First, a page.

My favourite new way to make cauliflower rice is to simply grate it on a trusty box grater. No need to drag out the food processor every time. It’s one of those things I wish I’d discovered sooner. It’s so easy that I now make it much more often.


Serves 4

Cauliflower rice bowls

2 Tbsp extra virgin olive oil

2 cloves garlic, sliced

2 Tbsp oregano leaves

1kg cauliflower, grated

sea salt and cracked black pepper

200g baby spinach leaves

Crispy chilli eggs

1 Tbsp extra virgin olive oil

2 large red chillies, chopped

1 green onion (scallion), chopped

4 eggs


To make the cauliflower rice bowls

Heat a large frying pan over high heat. Add the oil, garlic and oregano and cook for 1 minute. Add the cauliflower, salt and pepper and cook, stirring, for 5 minutes or until cauliflower is soft. Stir through baby spinach.

To make the crispy chilli eggs

Heat a medium frying pan over high heat.

Add the oil, chilli and onion and cook for 1 minute. Break the eggs into the pan and cook for 1 minute. Reduce temperature to low and cover pan. Cook for 2 minutes or until the eggs are cooked to your liking.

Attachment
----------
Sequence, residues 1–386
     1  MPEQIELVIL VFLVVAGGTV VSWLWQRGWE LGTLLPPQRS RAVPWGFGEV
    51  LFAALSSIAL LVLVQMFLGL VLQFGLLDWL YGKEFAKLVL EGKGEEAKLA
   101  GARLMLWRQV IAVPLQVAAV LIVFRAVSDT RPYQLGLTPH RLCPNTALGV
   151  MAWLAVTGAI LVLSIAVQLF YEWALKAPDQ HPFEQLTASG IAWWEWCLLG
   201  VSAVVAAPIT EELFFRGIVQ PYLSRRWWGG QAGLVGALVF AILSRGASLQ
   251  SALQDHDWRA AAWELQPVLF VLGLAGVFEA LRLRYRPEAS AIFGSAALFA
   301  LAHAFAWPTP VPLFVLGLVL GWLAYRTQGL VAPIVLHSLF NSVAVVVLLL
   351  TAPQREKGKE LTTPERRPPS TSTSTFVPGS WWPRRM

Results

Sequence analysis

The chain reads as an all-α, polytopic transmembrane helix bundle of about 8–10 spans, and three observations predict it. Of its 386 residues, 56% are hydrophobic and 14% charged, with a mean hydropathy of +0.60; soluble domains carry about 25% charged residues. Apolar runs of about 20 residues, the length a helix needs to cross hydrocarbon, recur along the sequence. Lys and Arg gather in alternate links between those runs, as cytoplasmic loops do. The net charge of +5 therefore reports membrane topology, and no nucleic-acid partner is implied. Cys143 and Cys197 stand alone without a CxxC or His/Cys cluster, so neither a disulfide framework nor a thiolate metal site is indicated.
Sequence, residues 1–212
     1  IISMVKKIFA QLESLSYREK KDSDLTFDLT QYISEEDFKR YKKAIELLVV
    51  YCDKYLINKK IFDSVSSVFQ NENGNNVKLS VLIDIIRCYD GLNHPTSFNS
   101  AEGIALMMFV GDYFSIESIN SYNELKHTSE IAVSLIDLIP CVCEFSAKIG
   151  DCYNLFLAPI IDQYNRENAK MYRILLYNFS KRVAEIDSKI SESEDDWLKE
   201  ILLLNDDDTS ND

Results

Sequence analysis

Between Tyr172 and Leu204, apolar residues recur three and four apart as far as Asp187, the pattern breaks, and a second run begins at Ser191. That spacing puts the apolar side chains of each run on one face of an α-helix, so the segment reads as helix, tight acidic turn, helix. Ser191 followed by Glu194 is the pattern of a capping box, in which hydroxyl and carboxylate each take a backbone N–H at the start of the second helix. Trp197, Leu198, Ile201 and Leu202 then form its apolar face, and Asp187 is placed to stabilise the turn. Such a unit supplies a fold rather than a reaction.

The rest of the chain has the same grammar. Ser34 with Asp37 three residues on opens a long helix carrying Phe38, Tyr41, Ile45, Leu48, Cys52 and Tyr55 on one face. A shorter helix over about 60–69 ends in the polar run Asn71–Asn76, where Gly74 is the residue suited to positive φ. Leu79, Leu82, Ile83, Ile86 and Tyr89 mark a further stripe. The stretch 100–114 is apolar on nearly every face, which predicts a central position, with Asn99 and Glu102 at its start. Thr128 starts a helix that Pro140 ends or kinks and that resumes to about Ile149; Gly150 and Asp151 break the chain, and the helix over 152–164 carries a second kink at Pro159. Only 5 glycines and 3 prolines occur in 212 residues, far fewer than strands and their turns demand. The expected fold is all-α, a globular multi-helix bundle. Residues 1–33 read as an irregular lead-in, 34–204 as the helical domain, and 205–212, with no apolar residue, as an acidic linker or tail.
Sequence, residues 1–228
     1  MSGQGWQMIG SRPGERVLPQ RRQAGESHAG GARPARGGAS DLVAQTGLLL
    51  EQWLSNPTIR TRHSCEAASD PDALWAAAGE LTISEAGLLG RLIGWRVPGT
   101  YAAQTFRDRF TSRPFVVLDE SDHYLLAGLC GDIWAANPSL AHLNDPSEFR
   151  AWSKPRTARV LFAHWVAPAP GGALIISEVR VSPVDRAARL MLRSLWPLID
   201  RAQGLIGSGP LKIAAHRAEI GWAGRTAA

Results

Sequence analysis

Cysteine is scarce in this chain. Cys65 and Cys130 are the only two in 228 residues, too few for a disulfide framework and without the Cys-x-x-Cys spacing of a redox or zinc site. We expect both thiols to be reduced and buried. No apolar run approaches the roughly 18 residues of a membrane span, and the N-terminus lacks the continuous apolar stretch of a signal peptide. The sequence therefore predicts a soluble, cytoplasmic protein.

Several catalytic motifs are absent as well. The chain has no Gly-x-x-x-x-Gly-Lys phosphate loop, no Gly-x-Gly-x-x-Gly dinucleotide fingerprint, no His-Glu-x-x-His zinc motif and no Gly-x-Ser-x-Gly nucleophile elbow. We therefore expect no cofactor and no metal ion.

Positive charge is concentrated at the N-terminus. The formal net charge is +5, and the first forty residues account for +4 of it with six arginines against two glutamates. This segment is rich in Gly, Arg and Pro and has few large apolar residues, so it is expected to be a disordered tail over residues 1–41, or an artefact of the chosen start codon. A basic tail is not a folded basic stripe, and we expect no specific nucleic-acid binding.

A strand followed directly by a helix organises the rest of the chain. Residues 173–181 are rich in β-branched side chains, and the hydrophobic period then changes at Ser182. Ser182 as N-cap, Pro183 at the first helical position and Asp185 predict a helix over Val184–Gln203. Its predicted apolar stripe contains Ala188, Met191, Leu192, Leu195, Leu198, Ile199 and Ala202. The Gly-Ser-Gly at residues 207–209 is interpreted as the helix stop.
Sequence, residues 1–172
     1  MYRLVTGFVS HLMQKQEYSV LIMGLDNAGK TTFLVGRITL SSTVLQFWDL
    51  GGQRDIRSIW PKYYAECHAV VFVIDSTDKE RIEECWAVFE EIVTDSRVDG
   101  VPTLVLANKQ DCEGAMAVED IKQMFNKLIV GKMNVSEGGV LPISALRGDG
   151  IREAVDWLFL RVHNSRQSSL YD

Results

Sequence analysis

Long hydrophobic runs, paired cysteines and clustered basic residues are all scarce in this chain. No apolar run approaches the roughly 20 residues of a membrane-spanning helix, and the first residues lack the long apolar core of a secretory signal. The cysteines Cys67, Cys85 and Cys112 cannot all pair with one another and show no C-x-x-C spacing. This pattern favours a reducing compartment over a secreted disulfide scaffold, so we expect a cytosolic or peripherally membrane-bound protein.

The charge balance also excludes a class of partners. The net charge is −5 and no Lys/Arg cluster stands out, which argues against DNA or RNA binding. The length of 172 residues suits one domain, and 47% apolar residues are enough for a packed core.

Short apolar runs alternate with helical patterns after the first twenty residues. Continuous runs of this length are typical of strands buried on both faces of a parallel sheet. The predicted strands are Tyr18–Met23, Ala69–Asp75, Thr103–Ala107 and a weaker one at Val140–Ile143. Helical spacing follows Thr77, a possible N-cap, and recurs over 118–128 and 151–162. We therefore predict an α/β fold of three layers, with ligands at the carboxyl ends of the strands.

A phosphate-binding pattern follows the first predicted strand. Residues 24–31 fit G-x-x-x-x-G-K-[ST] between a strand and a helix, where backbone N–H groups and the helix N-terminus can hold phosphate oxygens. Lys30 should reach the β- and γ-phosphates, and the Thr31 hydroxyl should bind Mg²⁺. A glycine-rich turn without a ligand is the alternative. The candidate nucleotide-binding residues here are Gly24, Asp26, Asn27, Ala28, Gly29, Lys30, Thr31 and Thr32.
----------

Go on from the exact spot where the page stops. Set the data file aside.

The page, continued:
To serve

Place the cauliflower rice mixture into bowls and top with a chilli egg.

Oil and coconut chocolate cookie sandwiches 

These biscuits remind me of a favourite from my childhood ... only way better. Caramelly, crispy oat cookies sandwiched with a smooth chocolate filling. It’s hard to stop at just one!

Makes 14 cookie sandwiches

½ cup (45g) rolled oats

½ cup (40g) desiccated coconut

¾ cup (185g) almond butter

¼ cup (30g) almond meal (ground


½ cup (75g) coconut sugar

¼ cup (60ml) pure maple syrup

1 tsp vanilla extract

Chocolate ganache filling

100g dark (70% cocoa) chocolate,


¼ cup (60g) almond butter


Heat oven to 160degC .

Combine oats, coconut, almond butter, almond meal, coconut sugar, maple and vanilla in a bowl and mix well to combine. Roll heaped teaspoons of mixture into balls and place, about 3cm apart, on a tray lined with non-stick baking paper. Flatten slightly.